The court also heard a report from Letcher County Economic Development Director Joe DePriest about the possibility of a federal prison locating in Letcher County. DePriest said he wanted to clear up a statement which he said had been incorrectly interpreted at the June meeting of the Jenkins City Council and reported in The Mountain Eagle. DePriest said the federal Bureau of Prison’s website has Letcher County itself listed as a possible site for a new federal prison, and does not mention the City of Jenkins.

DePriest said the site at Gateway Industrial Park has been ruled out because of previous underground mining activity in the area and no site which had such activity will be considered. DePriest cautioned that while the process to get a new prison is a long one and nothing is assured, he believes the county will eventually be chosen as a site for a prison.

DePriest said if the county continues to pursue the prison and work with U.S. Rep. Harold “Hal” Rogers, there is an excellent chance the prison will be located in Letcher County, but a site has yet to be determined.

The court also learned this week that the Letcher County Water and Sewer District will lose its director, Greg Pridemore, to the U.S. Department of Agriculture’s Rural Development Agency.

Pridemore said he hates to leave his job with the district, but the opportunity is too good to pass up. Pridemore’s resignation and steps to fill the vacancy will be discussed when the water and sewer district’s board of directors meets on Thursday. The court went into executive session to discuss Pridemore’s resignation and possible successor, but took no action.

In a related matter, the court also approved a $623,385 operating budget for the water and sewer district for fiscal year 2008-09.

In other business at this week’s meeting:

• Judge Ward told the court he has spoken with officials of Equitable Resources who plan to locate an operation at Gateway Industrial Park in Jenkins. Ward said Equitable will extend natural gas lines throughout the park for use by other industries at no charge to the county.

• The court tabled discussion on a priority list for Coal Severance Tax funds to be presented to the state legislature for the next biennium. Judge Ward said he will call a special meeting for the discussion.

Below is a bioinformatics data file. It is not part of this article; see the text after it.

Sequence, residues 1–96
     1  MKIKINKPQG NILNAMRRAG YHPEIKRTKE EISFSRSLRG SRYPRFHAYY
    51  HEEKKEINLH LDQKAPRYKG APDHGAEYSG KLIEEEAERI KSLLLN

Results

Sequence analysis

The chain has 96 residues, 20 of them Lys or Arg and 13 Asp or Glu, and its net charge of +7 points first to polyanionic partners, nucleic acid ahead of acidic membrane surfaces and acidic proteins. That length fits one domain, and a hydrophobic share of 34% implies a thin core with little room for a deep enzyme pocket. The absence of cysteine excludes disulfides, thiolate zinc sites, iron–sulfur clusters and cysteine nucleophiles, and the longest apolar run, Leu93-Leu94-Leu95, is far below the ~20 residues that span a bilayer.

• The court went into executive session to discuss a motion filed in a lawsuit concerning the extension of water lines to the Indian Creek area to comply with a court-ordered settlement between Golden Oak Coal Company and property owners whose wells were damaged by underground mining. Ward said the court will respond to the motion.

• The court heard a dispute over railroad right of way between a number of citizens of the Ice area concerning the possibility of opening the area for mining. However, County Attorney Harold Bolling told the court that law concerning railroad right of way and the reversion of the property to original landowners is extremely complex and has been litigated from “Lexington to Pound, Va.” Bolling said each suit is settled on a case-by-case basis and there is no sweeping body of law to cover the matter.

• The court voted unanimously to name a new county park now under construction at Thornton in honor of Tom and Pat Gish, who own and operate The Mountain Eagle. The park will be located on land the Gishes have leased to the county for $1 per year.

• The court voted unanimously to accept a $40,000 grant for the purchase of recycling equipment.

• The court voted unanimously to allow Ward to negotiate the purchase of a new backhoe and mower for county use along state purchase guidelines.

• The court voted unanimously to approve the bid process and purchase of a van by Letcher County Cares, the county’s domestic violence center.

The court also heard reports from county agencies and departments. In those reports:

• 911 Director Brandon Conley reported taking Global Positioning System (GPS) readings from various sites throughout the county. He also reprogrammed pagers for fire departments and worked on lettering for signs and two new Mack dump trucks.

• Senior Citizens Director Trenda Kincer reported that seniors at the Colson Center had a cookout and were joined by 29th District State Senator Johnny Ray Turner and Ward. The Ermine Center had a Memorial Day service and Colson had a hot dog sale for extracurricular activities. Kincer said more than 10,000 meals were served by centers in May, including 4,333 on site and 5,952 delivered to homes.

• Litter Warden Darrell Banks reported spending four days in court with 15 people who were brought up on charges of littering. Banks checked 19 dumps and found 12 names. He had three dumps cleaned up and eight summonses were written. Property owners were required to clean up around their property at eight homes and Banks answered 16 complaints.

• County Road Foreman John Adams reported that road department workers graveled and graded roads throughout the county and cut weeds and brush as well. Road workers also put up road signs, stabilized creek banks with “basket rock,” installed culverts, hauled garbage to the landfill, and installed televisions and TV mounts at senior citizens centers.